Exploring what it is to be young in Ireland today, Lisa Carroll’s debut play Cuckoo comes roaring to life at Soho Theatre, leading us without preamble into the world of best friends – and social outcasts – Iona (Caitriona Ennis) and Pingu (Elise Heaven). After being publicly humiliated one too many times by their peers, the two have decided to get out of their home town of Crumlin and move to the magical city of London… although quite what they’re going to do when they get there they’re not exactly sure.
There’s a big difference between making a decision and actually seeing it through, though, and it’s not long before Iona’s excitement about their trip begins to wane – particularly when she suddenly finds herself being chatted up by local guys Pockets (Colin Campbell) and Trix (Peter Newington). It’s obvious to both Pingu and Iona’s childhood friend turned tormenter Toller (Sade Malone) – not to mention the audience – that their intentions are less than honourable, but despite multiple warnings Iona allows herself to be flattered into submission, with disastrous results for all concerned.
The heart of the story is the relationship between Iona and Pingu; the events that take place in the run-up to their departure from Dublin are, you can’t help but feel, only a catalyst to something that was always going to happen at some point anyway. In an excellent cast, Caitriona Ennis and Elise Heaven give standout performances as the two friends. Iona is an eccentric chatterbox whose over the top approach to just about everything is at first enjoyable but soon becomes wearing and ultimately alienating. Pingu, meanwhile, has opted to give up speaking altogether, having grown tired of constantly needing to justify their non-binary status, and communicates instead through a range of emphatic facial expressions.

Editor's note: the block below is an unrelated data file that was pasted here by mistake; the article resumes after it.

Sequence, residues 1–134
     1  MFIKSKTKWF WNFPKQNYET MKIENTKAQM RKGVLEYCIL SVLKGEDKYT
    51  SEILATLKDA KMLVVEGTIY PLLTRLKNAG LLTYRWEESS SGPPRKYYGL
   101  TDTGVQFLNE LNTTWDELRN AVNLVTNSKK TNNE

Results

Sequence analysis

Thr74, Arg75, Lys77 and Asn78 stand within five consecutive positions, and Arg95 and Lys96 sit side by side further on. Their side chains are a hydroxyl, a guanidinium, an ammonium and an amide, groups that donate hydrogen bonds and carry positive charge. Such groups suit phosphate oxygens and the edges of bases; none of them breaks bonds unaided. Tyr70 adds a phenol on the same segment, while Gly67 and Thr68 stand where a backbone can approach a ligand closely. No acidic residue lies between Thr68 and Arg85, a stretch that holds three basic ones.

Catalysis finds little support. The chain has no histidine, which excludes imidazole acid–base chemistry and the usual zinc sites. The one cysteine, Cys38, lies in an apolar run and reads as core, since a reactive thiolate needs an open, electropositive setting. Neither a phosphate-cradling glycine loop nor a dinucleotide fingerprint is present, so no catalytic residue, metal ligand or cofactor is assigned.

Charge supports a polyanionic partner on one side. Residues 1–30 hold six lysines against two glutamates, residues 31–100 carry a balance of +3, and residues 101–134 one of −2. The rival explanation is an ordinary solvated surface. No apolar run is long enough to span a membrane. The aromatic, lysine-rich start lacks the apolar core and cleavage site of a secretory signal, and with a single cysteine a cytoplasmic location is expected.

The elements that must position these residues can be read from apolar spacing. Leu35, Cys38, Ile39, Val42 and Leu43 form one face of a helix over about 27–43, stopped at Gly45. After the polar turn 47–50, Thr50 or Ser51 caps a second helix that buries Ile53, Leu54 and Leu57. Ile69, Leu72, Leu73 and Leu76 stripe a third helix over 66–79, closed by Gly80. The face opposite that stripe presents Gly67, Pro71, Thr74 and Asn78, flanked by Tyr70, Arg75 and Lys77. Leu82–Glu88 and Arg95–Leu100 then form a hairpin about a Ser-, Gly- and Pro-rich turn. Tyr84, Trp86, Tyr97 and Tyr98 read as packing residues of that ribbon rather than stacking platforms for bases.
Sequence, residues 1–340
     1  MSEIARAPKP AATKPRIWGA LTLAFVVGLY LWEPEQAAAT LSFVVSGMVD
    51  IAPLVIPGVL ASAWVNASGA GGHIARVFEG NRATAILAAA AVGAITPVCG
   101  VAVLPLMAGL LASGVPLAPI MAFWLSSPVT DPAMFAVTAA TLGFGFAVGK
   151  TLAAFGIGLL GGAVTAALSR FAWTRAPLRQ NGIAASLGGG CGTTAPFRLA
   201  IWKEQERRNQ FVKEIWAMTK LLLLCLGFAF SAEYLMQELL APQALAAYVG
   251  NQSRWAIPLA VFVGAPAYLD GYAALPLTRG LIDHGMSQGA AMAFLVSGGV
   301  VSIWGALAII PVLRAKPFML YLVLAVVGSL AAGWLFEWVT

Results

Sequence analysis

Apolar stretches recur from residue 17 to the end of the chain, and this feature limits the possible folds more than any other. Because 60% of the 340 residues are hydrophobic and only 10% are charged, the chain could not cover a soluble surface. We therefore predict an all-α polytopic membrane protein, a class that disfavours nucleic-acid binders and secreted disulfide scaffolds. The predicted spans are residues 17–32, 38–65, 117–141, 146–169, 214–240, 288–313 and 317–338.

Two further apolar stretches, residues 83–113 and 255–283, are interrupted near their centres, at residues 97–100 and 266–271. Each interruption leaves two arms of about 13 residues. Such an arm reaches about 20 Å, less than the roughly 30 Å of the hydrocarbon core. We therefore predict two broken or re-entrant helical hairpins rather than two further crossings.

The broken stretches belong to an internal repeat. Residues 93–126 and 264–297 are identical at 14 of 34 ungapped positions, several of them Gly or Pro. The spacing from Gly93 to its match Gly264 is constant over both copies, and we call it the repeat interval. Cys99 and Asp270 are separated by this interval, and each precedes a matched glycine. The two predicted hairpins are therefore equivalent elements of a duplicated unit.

On paper this makes for a rather uneven friendship, but it’s one that seems to work. The two stand up for each other against the bullies, and seem to communicate perfectly without any need for words. All the while they only have each other, everything’s great – but when Iona gets the first hint of a better offer, we start to realise that her friendship with Pingu might not have been quite as selfless as it appeared. One of the play’s strongest points is its conclusion, which avoids the predictable route we might expect in favour of an outcome that’s less “nice”, but perhaps rather more realistic.
Despite being two hours without an interval, the production never drags or fails to hold our attention; director Debbie Hannan keeps up a fast pace and building intensity throughout, and the energy of the cast never flags. The play isn’t afraid to take on some difficult themes, including toxic masculinity, the damaging influence of social media, and prejudice – driven by fear – against those who dare to be different. But it does so with plenty of laugh out loud humour, which means that the play is actually a lot of fun to watch despite some of its content.
An impressive debut from Lisa Carroll, Cuckoo shows a very clear understanding of what motivates young people to do the things they do – good and bad. While we may not have lived the exact scenario we see unfolding on stage, there are aspects of the story that will resonate with all of us; we were all young once, after all, and chances are we made a bit of a mess of it too. A witty and compelling play, Cuckoo is definitely worth a visit.
Can’t see the map on iPhone? Try turning your phone to landscape and that should sort it. I don’t know why but I’m working on it… 😉